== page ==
Amid the gale raging both literally and figuratively around Downing Street this morning over the government’s green policies, a ray of sunshine has arrived from an unexpected source – inflation.
Experts had predicted the figure for August would tick up to 7.1% from 6.8% in July – but instead, the ONS revealed it had actually fallen to 6.7%.
In his calm tones, Chancellor Jeremy Hunt pronounced this demonstrated “the plan is working” – although he had to acknowledge that historically high levels of inflation still meant “a lot of pain for ordinary families who are still seeing their shopping bills go up, their fuel prices go up”.
Chief Secretary to the Treasury, John Glen, was rather more triumphant about it, saying: “We have beaten expectations with a further fall in inflation, now down 40% from its peak, and the OECD forecasting it will fall below 3% next year.”
Tory backbenchers, starved of much in the way of good news to share, have been cautiously celebrating the result online too.
“Welcome (and surprise) good news,” tweeted Simon Clarke, fresh from last night’s frustrated critique of his government’s approach to Net Zero, where he said: “Businesses rely on certainty to make major investments… it’s unclear how they are to plan at all if we respond to one byelection in west London by tearing up key planks of government policy.”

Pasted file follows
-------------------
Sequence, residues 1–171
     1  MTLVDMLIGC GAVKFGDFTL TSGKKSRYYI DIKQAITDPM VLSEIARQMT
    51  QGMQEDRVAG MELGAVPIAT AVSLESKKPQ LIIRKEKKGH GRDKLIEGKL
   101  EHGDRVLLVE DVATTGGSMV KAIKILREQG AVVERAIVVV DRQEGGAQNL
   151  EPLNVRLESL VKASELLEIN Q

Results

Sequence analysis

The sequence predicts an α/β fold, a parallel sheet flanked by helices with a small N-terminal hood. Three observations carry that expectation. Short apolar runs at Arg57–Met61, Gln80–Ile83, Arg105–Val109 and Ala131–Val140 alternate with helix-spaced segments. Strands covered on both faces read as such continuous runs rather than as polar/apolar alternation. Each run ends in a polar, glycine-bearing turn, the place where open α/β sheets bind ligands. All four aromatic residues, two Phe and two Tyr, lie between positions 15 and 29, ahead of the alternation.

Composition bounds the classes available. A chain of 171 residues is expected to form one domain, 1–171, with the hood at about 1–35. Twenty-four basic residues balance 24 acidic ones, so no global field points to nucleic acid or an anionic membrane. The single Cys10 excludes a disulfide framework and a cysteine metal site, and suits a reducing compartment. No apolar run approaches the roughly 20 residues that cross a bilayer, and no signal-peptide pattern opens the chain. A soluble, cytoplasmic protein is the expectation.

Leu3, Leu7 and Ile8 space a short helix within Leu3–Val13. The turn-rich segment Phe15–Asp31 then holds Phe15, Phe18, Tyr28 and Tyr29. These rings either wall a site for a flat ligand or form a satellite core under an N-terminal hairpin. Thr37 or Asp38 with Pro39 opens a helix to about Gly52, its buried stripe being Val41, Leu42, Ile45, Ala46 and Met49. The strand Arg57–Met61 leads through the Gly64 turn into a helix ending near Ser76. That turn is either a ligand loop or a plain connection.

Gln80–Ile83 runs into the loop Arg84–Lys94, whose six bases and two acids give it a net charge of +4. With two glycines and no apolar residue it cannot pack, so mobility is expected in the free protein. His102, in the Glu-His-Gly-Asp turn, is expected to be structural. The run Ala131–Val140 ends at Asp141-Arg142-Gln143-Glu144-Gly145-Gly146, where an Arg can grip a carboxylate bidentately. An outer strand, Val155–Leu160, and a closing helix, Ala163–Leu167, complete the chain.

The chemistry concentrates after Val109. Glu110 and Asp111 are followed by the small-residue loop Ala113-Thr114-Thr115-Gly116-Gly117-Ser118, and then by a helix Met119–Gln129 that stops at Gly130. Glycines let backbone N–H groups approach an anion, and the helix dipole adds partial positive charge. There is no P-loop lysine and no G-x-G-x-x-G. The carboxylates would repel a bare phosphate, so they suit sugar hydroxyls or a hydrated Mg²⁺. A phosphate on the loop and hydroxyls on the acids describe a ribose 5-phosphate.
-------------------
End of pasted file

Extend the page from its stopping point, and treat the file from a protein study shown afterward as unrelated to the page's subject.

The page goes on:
Another Tory MP, Simon Hoare, said: “Not out of the woods yet but steadily moving in the right direction.”
The note of caution is important – because while inflation may be falling slightly, it’s still painfully high, and that’s what really matters to voters.
Today’s figures have raised hopes in some quarters that the Bank of England may finally stop raising interest rates when it publishes its rates decision tomorrow, though that’s by no means certain.
And the numbers certainly haven’t blunted Labour’s attacks on the government’s handling of the economy, with Rachel Reeves commenting this morning that the UK was still forecast to have the highest inflation of any major economy this year, adding: “The prime minister is too weak to turn things around.”
But both Rishi Sunak and his chancellor are now confident that they’re on track to meet the prime minister’s target of halving inflation by the end of the year – which would mean reaching a figure of 5.3% or lower.
That would make inflation only the second of the five targets – along with growing the economy (which grew by 0.2% in the three months to July) – that the PM really looks like he has any chance of hitting.
Otherwise the country’s debt remains higher than it was, NHS waiting lists keep growing, and the small boats are still arriving across the Channel.
The government badly needs inflation to keep falling to have any real hope of winning back disillusioned voters at the next election.